Gaming with Ghosts: When Good Players Can’t Be There

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I’ve said it before — everyone has situations that come up where they have to miss a session or two, sometimes at the last minute. After all, real-life issues have to take precidence over game ones. But as a GM, what do you do when Liza the Ranger gets called into work at the last minute?

In my experience, I’ve found you’ve got several options:

  1. Have the GM run the character. This is the most commonly used solution I’ve seen. It’s generally fair, as long as the GM doesn’t take the opportunity to run the character they way he would like to see it run, rather than the way the player does. This option works better in games that are heavily action-oriented, rather than role-playing oriented.
  2. Have another player run the character. Use this only when the absent player agrees to it. I’ve seen too many sessions have to be “rerun” because the returning player doesn’t like the way her character was played in her absence. Sometimes the missing player will ask a specific player to play her character for her — this is generally a good solution.
  3. The character is absent too. This is the solution I choose whenever possible. All of my players are adults with multiple real-life demands. I try to set up my games so that the characters can “step out” for a session to attend to personal matters from time to time. If a PC needs to attend to something alone, I try to have the player do this on a day they can’t be at the game. Before the next game session, I try to touch base with the missing player so we can work out (at least briefly) what his character as doing during the absence. Sometimes, though, you just can’t take this option — like when your PCs are in the middle of a dungeon.
  4. The character is present, but “out of commission”. The character could be drugged, knocked unconscious, engaged in a psionic battle, trapped (mentally) in an alternate dimension…there’s a wide range of possibilities. Again, only use this one with the player’s permission. This can be a good alternative to number 3, above. I tend to take this option if a player starts missing games or showing up late on a regular basis, especially if they do it without giving a reason.
  5. Run a “what if” or “it’s all a dream” game session. This can be a lot of fun, if all the players present understand that what happens in this game session will not be part of the “official” game. My players have even done this when I couldn’t be there. Another player takes over the role of GM and runs my game for me, based on what they think is going on.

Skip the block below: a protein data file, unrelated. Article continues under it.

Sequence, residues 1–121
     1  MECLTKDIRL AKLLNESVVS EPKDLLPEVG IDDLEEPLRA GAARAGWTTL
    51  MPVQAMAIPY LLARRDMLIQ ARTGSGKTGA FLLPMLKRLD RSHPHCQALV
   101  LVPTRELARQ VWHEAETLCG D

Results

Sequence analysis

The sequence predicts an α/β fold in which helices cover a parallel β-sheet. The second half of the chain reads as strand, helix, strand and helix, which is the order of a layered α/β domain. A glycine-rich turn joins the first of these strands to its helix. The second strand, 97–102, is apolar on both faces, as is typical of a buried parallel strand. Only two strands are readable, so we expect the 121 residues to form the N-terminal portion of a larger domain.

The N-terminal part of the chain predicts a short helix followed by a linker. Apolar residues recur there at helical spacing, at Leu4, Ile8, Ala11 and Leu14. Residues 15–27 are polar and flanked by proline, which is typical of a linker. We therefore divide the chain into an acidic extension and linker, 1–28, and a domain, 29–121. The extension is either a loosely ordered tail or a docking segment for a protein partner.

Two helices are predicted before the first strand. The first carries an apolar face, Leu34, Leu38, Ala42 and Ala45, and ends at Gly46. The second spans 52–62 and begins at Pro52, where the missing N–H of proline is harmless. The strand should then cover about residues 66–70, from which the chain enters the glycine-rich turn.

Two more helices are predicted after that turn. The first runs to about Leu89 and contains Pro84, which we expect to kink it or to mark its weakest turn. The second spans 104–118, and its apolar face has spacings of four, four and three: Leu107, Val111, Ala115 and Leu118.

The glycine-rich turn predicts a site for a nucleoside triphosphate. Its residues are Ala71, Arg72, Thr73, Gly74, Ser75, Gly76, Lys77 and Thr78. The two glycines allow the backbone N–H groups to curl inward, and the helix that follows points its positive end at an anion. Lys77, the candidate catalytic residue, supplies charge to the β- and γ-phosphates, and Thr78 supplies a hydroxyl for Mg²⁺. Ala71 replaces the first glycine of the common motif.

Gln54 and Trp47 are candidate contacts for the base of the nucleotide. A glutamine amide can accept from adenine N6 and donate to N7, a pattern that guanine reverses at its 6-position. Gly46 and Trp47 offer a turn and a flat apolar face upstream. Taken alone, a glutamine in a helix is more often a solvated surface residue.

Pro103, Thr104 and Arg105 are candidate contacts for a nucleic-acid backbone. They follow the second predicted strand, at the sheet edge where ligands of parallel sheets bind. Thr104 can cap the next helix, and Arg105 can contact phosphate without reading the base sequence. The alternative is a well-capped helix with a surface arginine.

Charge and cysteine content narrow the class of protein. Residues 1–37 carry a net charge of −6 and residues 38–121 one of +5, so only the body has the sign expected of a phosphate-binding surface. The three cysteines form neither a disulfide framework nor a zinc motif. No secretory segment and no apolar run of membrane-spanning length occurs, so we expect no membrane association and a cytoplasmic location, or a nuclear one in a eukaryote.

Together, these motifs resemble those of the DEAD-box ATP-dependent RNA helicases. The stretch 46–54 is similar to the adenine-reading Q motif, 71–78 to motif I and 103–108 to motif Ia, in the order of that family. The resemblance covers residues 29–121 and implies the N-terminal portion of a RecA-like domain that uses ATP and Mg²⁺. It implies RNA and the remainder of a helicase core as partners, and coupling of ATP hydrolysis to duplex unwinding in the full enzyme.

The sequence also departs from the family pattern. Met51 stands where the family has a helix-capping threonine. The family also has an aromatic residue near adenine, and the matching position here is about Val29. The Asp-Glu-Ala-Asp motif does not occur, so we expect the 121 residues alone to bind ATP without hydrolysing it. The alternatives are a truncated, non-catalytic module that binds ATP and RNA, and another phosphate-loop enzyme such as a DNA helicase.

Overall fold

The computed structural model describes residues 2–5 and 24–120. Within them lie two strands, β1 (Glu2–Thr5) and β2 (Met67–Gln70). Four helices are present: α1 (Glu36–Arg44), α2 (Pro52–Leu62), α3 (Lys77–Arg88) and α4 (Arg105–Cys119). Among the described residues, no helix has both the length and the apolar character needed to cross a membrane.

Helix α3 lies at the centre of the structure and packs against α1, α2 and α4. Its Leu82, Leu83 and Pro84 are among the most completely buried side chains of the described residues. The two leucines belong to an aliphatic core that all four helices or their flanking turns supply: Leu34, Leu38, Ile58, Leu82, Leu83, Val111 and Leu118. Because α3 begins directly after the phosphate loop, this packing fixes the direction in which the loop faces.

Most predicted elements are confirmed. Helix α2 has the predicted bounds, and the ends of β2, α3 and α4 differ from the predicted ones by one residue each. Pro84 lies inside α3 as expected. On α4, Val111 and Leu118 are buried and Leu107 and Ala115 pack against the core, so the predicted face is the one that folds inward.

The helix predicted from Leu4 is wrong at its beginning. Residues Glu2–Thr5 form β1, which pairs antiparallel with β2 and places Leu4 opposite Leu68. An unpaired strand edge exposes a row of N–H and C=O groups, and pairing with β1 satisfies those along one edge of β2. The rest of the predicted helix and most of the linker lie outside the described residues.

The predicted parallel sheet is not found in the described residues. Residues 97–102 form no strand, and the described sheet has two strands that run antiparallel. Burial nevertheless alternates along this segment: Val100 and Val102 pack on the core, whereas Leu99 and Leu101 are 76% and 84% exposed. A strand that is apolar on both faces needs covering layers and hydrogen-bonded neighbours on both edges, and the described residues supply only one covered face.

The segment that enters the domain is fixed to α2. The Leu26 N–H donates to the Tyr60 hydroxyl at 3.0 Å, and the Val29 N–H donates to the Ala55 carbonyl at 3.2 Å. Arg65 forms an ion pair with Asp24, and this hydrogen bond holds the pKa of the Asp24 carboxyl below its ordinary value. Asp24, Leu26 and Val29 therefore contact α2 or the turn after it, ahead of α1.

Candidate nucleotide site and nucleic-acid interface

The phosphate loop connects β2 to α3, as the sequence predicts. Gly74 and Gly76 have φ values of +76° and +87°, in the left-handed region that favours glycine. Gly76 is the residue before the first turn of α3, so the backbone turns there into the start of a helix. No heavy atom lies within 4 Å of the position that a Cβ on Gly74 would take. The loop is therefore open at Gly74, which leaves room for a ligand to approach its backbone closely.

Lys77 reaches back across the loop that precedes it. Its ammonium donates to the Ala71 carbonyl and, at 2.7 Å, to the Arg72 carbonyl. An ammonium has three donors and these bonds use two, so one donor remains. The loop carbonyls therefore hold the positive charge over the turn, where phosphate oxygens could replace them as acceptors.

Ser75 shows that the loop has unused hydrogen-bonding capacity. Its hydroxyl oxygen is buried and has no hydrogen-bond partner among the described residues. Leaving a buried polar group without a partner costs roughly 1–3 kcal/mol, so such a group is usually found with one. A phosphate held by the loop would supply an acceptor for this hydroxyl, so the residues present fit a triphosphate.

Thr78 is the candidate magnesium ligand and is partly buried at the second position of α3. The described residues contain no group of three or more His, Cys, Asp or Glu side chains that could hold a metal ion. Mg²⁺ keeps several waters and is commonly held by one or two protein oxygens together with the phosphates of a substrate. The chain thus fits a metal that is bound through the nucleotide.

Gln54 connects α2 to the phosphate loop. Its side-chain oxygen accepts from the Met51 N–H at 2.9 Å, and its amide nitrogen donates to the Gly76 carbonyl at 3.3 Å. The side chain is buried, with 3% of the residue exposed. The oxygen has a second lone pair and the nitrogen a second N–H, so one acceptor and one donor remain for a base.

6. Conduct a series of “one-on-ones”. Take each player who can make it aside for awhile and run a one-on-one session with them. The session could be something the PC’s been wanting to do for a while or could be a scene from the PC’s past. I’ll occasionally do this when I’ve got less than half my players, but people still want to play. Players not currently involved with me generally shoot the breeze with each other (frequently in character), play card or board games, etc.
  7. Take the opportunity to run a “one-shot”. I’ll frequently toss a convention scenario I’m working on or other such short adventureĀ  with pre-gen characters in my game bag and use that if I’ve got too many “no shows” but the rest of the players want to play something.
  8. Run a henchmen one-shot. Have everyone play one of their assistants, henchmen, ghouls, hired hands, bodyguards, etc. in a one-shot scenario.

It’s helpful to have a set policy about what to do with missing players’ characters. Do you run if one or more player is missing? How many players have to be missing before you cancel the game? Discuss this with your players when you first begin the campaign and settle on a basic guideline you all can live with. Generally, I’ll run if I have at least half my players. If I have less than half, we’ll either cancel that session or do #5, 6, 7, or 8 above.

The important thing is for the GM and players to come to a mutually-agreeable solution. Try to set a policy and stick to it as much as possible. That way, it’s fair for everyone and your players will know what to expect when real-life encroaches and they just can’t be there.

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